‘Fantastic Beasts: The Crimes of Grindelwald:’ Rowling has Lost her Enchantment

Rating: 2.5/4

The newest installment of the most famous story about witches and wizards is here. Fantastic Beasts: The Crimes of Grindelwald marks the second entry into the sans-Harry Potter franchise. Directed by David Yates (his sixth such adventure in the wizarding universe) with J.K. Rowling acting as the sole screenwriter, the film returns to a world where much has changed. Newt is on a travel ban, unable to leave the country, while Tina is investigating the location of Credence (Ezra Miller) in Paris. The two have not seen each other since New York. Meanwhile, Queenie (Alison Sudol) and Jacob (Dan Fogler) have reunited and are engaged, though under suspicious circumstances. Grindelwald (Johnny Depp) has escaped and is also in Paris, searching for Credence. Newt is enlisted by Dumbledore (Jude Law) to find Credence, and if needed, fight Grindelwald. Why Dumbledore, the most powerful wizard of his generation, will not do so himself is a mystery.

The film is all about choosing sides for the upcoming war, those sides can be blood lines or beliefs. Opening in 1927, Rowling’s screenplay is transfixed by blood lines and origins. Blood has always been important in her universe, especially in the non-mixing of Muggles and the Magic-born. The Crimes of Grindelwald, to these ends, is all over the place in its first half. It would like to use blood as a metaphor for race, but it feels superficial. Not because Grindelwald isn’t dangerous, but because the side that’s fighting him still hasn’t explained why he’s dangerous. That weakness extends to other wizards because apparently Grindelwald is only picking up steam in his support.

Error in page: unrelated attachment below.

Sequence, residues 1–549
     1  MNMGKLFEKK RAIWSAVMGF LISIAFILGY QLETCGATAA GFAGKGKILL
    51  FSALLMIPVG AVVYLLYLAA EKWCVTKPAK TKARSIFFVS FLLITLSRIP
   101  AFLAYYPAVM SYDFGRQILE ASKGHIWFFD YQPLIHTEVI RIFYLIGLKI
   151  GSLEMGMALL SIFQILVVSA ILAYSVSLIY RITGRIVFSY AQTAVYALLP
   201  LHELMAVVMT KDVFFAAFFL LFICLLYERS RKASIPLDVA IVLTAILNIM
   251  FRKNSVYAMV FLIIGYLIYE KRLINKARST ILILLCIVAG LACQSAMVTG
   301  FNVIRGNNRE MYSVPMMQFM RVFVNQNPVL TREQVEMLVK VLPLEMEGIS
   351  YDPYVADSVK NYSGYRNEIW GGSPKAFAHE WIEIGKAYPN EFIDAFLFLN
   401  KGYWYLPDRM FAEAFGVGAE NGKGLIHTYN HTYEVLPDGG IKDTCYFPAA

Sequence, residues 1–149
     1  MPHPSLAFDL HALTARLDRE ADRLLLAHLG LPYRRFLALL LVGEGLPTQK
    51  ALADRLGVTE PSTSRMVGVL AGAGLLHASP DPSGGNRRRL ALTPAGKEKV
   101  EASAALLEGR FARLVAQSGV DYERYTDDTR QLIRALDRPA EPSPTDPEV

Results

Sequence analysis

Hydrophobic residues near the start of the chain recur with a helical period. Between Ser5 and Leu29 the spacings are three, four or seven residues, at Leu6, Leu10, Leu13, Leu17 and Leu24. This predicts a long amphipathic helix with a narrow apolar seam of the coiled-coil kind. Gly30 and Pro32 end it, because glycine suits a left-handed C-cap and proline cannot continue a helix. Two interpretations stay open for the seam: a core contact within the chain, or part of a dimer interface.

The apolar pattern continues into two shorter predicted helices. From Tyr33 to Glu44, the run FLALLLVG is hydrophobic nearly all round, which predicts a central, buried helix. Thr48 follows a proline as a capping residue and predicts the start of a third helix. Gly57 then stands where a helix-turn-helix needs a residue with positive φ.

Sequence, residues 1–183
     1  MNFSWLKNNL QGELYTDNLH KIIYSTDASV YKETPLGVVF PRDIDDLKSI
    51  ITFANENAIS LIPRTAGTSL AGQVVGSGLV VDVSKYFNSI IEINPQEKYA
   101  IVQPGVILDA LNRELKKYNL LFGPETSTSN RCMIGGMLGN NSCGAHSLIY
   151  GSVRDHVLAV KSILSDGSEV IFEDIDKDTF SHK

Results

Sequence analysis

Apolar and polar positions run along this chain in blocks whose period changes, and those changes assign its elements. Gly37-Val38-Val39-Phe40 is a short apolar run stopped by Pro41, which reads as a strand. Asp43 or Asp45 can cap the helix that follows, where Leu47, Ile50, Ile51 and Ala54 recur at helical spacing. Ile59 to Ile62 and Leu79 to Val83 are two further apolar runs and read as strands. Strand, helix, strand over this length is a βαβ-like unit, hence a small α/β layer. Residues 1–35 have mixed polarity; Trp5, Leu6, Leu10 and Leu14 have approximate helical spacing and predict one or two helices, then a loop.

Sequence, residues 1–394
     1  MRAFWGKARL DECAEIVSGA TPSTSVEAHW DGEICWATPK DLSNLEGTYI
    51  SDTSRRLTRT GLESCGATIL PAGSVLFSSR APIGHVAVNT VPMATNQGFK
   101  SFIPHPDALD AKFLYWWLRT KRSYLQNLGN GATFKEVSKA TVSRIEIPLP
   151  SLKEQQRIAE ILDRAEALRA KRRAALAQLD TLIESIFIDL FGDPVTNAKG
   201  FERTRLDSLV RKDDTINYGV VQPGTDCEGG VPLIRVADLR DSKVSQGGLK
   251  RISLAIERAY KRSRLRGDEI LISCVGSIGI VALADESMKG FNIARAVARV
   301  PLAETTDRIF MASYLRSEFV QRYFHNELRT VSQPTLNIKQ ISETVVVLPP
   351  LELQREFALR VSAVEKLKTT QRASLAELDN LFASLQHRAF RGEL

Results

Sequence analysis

A question of origin also extends to Credence, who spends much of the film searching for his mother (obscurials ultimately become what they are because of a lack of love). The film short-changes his portion in lieu of the background love story between Newt and Tina. The ultimate weakness of The Crimes of Grindelwald, is its over-handling. Rowling is trying to get a lot finished and started, and often those threads don’t weave as smoothly as they should.

Newt’s susceptibility to monsters is also of consequence here. As is said of him, “[he] has never found a monster that he couldn’t love.” When asked what side he’ll chose Newt responds, “I don’t choose sides.” That belief is put to the test throughout the film, as each character is asked to find their allegiances. Newt, through his relationship with Tina, which consumes too much of the film, must also find it within himself to leave the past behind. Ultimately, Newt has to learn to not love a monster.

In this installment, we finally meet Leta Lestrange (Zoë Kravitz) and, later, Newt’s brother Theseus (Callum Turner). The film is conscious of diversity, especially as one side is an assortment of races,  mixing Black, White, and, with the addition of Claudia Kim, Asian, while the other is uniform in its whiteness. The film’s overall diversity also extends to the relationship between Dumbledore and Grindelwald. The Crimes of Grindelwald initially faced criticism for possibly taking away Dumbledore’s queerness, but here, their past relationship is pretty evident. Also, Jude Law is fantastic as Dumbledore. He understands the character’s calmness, empathy, and quick wit. He was the perfect choice to assume the future-Headmaster’s wand.